Jordan’s privatisation success is based on a clear strategy: a strong reformist agenda that is fully supported by the government, the provision of the appropriate procedures for its implementation, and a high degree of transparency through the privatisation process.
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As investment opportunities continue to present themselves in the MENA region, identifying politically unexposed partners is the key challenge for foreign investors. A cadre of prominent commercial families who are not ostensibly beholden to the political elite exist, but diligence and foresight is needed to identify them.
As GCC countries lock horns over the direction that regional policy should take, a geopolitical realignment could feasibly crystallize in the Persian Gulf in the period ahead. Should Saudi and Emirati divestment across certain sectors occur, Qatar’s elite will invariably turn towards a cadre of new partners to plug the gaps in its economy. Enter Iran.
Although a lesser discussed set of bilateral relations, Kazakhstan and the United Arab Emirates are sending signals of enhanced cooperation. Given the UAE’s desire to expand and diversify its economy, established investors should keep one eye on the effects that emerging bilateral agreements may have on their interests.
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As interest gathers in Egypt’s energy sector, ahead of the planned launch of production from its Zohr gas field, important sector dynamics must be considered. Egypt’s political upheavals appear to have left their mark on the Ministry of Petroleum, which is indicative of under-the-surface dealings. Investors should engage but exercise vigilance.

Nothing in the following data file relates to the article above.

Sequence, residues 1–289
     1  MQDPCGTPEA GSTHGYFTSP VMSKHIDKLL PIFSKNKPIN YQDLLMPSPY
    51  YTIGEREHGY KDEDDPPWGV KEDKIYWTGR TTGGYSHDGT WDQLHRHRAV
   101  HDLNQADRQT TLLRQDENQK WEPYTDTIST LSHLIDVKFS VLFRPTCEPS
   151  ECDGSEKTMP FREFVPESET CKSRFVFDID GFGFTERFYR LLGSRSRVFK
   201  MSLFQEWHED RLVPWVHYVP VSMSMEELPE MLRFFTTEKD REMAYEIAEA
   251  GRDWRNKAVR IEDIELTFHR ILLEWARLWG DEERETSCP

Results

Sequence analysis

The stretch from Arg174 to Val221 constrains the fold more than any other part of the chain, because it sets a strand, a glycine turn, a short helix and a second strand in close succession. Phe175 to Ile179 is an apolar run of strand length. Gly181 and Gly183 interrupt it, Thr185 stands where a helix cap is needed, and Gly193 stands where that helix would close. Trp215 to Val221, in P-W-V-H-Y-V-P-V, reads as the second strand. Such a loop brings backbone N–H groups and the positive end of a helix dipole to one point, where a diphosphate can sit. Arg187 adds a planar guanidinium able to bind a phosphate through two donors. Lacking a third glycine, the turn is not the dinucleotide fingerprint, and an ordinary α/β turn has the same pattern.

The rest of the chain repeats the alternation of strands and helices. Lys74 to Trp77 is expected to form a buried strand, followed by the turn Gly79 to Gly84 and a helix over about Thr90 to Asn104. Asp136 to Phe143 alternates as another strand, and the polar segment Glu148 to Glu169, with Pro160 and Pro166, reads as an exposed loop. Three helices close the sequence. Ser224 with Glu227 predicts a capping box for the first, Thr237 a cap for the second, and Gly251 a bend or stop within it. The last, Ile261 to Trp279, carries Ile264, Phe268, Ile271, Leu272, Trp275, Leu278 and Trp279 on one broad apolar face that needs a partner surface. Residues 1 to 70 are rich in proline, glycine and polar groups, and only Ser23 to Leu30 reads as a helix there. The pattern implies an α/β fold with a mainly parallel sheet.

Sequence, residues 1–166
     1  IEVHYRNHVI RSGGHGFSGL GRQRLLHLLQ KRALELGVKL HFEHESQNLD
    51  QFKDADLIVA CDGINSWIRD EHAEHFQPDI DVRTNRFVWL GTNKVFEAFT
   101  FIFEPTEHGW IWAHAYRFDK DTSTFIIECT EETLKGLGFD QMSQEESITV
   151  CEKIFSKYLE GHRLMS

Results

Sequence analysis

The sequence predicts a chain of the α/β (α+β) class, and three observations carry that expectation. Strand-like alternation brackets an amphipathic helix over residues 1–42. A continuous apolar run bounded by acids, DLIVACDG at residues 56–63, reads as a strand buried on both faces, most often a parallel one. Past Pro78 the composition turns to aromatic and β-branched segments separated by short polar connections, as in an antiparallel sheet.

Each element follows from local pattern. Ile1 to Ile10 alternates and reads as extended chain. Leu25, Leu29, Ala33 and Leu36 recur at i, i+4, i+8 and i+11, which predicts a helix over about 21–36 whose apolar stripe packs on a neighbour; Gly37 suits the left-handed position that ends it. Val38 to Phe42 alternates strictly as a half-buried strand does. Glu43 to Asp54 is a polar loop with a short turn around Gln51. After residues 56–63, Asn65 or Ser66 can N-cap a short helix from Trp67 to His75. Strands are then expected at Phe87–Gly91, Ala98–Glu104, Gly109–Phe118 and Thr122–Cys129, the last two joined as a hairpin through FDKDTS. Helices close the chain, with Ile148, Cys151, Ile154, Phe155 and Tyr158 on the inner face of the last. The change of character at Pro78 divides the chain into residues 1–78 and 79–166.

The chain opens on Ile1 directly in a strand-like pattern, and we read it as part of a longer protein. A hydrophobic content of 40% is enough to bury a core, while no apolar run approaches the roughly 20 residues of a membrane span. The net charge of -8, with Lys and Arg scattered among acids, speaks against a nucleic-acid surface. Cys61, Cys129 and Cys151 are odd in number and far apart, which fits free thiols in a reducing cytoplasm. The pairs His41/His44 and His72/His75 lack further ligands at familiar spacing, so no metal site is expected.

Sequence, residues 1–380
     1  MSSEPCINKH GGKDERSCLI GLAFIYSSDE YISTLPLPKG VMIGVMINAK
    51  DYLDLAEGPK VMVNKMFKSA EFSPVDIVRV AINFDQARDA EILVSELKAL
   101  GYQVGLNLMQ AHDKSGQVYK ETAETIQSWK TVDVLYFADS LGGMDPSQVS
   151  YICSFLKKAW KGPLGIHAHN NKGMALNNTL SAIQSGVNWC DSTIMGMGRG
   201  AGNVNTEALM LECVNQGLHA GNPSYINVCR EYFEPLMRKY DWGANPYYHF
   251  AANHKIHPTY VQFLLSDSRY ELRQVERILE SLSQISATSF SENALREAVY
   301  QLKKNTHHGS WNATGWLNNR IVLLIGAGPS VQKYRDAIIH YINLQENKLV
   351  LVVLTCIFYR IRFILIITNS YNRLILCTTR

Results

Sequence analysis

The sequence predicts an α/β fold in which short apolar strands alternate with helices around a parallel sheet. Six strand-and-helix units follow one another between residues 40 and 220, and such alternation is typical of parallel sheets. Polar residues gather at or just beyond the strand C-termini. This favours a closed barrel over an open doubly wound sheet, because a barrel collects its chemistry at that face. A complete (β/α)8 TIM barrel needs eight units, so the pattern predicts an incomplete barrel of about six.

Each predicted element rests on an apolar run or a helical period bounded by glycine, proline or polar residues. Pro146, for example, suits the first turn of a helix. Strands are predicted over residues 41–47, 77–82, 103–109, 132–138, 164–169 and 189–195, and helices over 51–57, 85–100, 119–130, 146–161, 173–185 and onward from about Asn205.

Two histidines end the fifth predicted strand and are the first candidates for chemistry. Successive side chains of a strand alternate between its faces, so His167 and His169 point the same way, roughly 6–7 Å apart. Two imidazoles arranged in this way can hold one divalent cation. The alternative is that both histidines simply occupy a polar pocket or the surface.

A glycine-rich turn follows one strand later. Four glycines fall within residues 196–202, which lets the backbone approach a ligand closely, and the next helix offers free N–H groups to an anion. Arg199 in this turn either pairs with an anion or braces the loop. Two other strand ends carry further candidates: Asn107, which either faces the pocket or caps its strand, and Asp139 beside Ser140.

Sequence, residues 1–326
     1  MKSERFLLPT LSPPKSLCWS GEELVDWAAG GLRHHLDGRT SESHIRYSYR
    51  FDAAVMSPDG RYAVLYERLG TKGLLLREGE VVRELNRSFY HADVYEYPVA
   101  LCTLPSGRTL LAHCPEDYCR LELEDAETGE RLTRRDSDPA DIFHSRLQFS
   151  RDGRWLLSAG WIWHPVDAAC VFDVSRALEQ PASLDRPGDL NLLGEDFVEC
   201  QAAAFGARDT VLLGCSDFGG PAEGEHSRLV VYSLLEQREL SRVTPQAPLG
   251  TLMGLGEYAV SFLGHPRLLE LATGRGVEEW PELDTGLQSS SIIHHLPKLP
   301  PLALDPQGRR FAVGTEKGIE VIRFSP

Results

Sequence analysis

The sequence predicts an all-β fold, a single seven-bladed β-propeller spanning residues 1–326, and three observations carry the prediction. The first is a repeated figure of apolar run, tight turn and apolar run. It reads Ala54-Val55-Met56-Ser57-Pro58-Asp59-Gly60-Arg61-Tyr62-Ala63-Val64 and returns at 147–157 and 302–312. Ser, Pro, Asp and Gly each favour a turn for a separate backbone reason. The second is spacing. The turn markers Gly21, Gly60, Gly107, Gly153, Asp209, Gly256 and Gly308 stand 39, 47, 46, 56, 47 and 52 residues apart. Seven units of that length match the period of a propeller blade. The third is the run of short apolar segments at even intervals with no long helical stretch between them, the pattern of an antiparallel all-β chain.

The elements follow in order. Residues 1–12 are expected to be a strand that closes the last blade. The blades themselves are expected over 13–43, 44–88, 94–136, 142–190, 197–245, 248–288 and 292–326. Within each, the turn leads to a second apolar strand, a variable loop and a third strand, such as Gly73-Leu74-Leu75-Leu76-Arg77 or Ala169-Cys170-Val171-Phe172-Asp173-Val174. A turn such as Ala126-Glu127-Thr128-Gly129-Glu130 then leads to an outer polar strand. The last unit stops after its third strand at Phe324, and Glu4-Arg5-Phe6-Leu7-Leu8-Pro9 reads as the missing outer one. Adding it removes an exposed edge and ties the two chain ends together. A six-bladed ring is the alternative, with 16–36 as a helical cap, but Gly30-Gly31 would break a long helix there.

Iran’s bazaari’s represent a long-standing way in which commerce is organised. Given their enduring influence, it is important to understand the societal and political caveats that make bazaari’s more than market traders. Although not initially obvious to the foreign investor, these should firmly be on the political risk radar.
Depending on which stance is adopted, Egypt and Sudan are simultaneously the best of friends and the worst of enemies. It is no secret that these countries have their differences, with notable issues playing out publically. However, there is much that binds these two African nations and the recent friction must be understood in context, to gain a deeper understanding of the impact this may have on investments.
In Egypt’s Sinai Peninsula, the tribal Bedouin are more influential than the state. This has a bearing on both the types of businesses flourishing in the region as well as the overall security dynamics.
The Kurdish energy sector faces important security threats from Sunni militant groups, namely ISIS and the PKK. As such, investors should monitor their operations closely.
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Clerics form the broadest societal network in Iran; and although their influence is believed to be waning, they still exert significant political and commercial influence. Understanding the proclivities of this group of Iranian power players is as important for investors interested in gaining exposure to the Iranian economy, as it is for political observers seeking to understand the levers of change.
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The oil sector has long provided revenues to the Kurdish coffers in Iraqi Kurdistan, but this now comes at a cost. This week Shadow Governance will release a report detailing the KRG’s energy sector – its power players, and key operational obstacles, including commercial political exposure, legal ambiguities, political infighting, and security concerns.
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With emergency law a potential disincentive to #investment in Egypt, this analysis considers why President Sisi has triggered it – ostensibly to the detriment of foreign investment and political stability